Green garment factory owners, who have spent billions of dollars for setting up the units, are left frustrated as the international retailers are not rewarding them with higher prices for the initiative.
The factories cost 20 to 30 percent more to construct than the regular ones for their special design units.
“The buyers do not pay even a single cent more for sourcing from a green garment factory,” said KM Rezaul Hasanat, chairman and chief executive officer of Viyellatex Group, a leading garment exporter.
Bangladesh has the highest number of LEED (Leadership in Energy and Environmental Design) green garment factories certified by the US Green Building Council (USGBC).
Currently, 67 green garment factories are in operation and another 300 are in the process of getting the certification. Of the top 10 green garment factories in the world, the first seven are also located in Bangladesh.
Had Viyellatex Group not constructed its two green garment factories in Gazipur, it could have employed 30 percent more workers, Hasanat said.
“I regret making the green factories,” he said, adding that the buyers pay much lower prices to Bangladeshi garment makers than the Chinese ones.
Kutubuddin Ahmed, chairman of Envoy Group, which has constructed the world's first platinum-rated green denim factory, echoed the same.
“The buyers do not pay extra prices to us, but the branding gives us a mileage in selling the goods -- they give priority to green factories,” said Ahmed, whose main intent for setting up green factories was to lower the consumption of water and power.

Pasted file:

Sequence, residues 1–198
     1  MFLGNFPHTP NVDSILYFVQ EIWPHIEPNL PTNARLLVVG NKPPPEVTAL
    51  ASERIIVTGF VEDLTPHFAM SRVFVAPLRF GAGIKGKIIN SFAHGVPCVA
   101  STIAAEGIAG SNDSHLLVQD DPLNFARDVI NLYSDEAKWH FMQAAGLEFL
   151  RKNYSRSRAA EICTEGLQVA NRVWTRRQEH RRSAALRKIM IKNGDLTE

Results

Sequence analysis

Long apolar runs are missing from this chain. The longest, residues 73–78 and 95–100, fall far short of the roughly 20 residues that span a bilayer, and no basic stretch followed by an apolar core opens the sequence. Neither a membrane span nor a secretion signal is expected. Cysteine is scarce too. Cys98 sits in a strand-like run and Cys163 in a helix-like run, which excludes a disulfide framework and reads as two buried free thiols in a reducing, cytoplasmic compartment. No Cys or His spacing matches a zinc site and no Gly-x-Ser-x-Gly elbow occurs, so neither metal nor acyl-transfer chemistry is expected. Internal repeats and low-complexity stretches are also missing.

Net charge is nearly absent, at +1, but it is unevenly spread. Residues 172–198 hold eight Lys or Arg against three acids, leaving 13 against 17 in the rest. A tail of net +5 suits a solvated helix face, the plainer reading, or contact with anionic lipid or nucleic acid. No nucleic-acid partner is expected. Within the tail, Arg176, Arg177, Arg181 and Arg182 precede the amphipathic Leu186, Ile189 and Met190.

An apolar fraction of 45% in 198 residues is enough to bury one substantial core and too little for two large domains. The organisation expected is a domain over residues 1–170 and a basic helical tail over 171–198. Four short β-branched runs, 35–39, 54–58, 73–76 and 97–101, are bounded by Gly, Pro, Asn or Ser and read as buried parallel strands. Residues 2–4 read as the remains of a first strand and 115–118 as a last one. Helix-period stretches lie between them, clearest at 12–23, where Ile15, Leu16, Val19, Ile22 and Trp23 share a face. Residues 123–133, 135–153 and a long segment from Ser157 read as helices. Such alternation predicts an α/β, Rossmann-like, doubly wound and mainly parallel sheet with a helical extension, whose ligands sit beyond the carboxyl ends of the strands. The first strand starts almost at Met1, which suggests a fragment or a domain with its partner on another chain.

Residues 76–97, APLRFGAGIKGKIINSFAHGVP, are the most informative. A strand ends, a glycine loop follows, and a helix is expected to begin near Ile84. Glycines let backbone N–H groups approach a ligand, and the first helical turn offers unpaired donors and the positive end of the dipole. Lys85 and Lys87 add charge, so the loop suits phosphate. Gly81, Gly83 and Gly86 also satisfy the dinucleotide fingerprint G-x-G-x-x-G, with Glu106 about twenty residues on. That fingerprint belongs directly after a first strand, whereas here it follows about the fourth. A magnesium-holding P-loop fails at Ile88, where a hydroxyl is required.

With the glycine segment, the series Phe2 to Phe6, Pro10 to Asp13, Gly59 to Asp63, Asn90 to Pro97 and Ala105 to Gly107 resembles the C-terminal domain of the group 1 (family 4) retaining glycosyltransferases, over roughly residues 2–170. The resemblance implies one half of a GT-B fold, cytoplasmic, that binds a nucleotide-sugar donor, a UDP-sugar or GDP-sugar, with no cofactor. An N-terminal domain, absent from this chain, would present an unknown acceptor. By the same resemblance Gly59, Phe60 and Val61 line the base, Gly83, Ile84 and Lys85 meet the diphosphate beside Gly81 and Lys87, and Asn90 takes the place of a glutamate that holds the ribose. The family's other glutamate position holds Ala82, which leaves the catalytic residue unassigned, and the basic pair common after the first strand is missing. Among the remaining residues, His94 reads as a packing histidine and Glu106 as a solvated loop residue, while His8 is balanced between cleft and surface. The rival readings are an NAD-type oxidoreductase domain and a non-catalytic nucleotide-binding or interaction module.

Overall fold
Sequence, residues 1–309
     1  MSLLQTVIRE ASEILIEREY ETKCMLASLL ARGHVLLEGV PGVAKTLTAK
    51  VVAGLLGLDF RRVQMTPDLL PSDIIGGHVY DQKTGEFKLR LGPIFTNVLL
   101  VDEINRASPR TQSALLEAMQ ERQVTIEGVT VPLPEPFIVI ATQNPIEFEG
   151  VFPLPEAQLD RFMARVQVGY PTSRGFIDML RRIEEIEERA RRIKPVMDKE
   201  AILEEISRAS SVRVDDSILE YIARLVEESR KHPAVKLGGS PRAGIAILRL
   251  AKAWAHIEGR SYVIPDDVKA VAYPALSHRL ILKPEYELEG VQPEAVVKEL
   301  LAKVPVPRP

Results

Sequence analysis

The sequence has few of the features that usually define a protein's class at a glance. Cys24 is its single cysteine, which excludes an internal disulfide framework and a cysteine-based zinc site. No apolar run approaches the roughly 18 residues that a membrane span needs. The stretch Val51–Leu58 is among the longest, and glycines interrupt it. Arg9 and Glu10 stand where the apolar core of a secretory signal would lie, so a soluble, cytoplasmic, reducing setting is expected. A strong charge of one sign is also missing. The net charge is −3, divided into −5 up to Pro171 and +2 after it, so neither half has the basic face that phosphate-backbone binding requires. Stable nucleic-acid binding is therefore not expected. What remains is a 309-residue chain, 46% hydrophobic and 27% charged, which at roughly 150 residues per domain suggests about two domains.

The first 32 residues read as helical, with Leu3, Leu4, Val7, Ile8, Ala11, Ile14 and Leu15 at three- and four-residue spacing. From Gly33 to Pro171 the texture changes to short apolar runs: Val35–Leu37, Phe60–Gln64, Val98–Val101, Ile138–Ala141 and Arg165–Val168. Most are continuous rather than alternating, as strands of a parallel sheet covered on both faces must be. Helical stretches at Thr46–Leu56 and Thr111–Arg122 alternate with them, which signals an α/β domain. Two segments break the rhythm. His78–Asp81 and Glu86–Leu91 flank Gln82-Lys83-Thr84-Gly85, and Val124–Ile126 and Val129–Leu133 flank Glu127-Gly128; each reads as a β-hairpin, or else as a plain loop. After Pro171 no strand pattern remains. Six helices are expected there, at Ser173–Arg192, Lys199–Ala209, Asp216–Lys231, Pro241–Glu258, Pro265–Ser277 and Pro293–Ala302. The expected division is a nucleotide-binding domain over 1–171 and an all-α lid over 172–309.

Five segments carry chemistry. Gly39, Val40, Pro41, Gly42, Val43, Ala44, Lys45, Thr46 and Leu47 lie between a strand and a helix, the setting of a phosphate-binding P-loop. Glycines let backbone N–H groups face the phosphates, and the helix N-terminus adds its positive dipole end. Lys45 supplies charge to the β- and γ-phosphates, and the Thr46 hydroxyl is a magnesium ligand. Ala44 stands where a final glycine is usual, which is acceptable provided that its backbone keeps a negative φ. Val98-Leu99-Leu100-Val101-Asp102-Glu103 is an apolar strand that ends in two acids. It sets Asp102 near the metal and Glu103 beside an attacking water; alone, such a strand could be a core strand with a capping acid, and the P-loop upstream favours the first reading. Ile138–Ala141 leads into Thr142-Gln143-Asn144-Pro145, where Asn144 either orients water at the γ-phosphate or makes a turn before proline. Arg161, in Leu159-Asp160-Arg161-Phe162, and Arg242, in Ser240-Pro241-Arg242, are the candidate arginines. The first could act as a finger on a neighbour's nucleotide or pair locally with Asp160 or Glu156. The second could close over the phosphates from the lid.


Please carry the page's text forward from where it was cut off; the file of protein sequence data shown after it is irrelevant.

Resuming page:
Md Fazlul Hoque, managing director of Narayanganj-based Plummy Fashions, the platinum-rated knitwear factory, and Siddiqur Rahman, president of the Bangladesh Garment Manufacturers and Exporters Association, echoed the same.
“There is no special privilege for the green garment factories; only the buyers' priority,” Rahman said, adding that the buyers do not even want to quote a higher price for factory remediation as recommended by the Accord and Alliance experts.
Although the buyers do not pay additional money for the virtue of sourcing from a green factory, there is a room for bargaining for a little more price per unit due to the green factories, Hoque said.
For instance, if the price of a T-shirt from a normal-compliant factory is $3, it is possible for green factories to get 10 cents more.
“The buyers though do not pay high prices to green factories out of their own volition,” Haque added.
Regardless, the prices of Bangladeshi-made garment items has declined 40 percent over the last 15 years, Rahman said.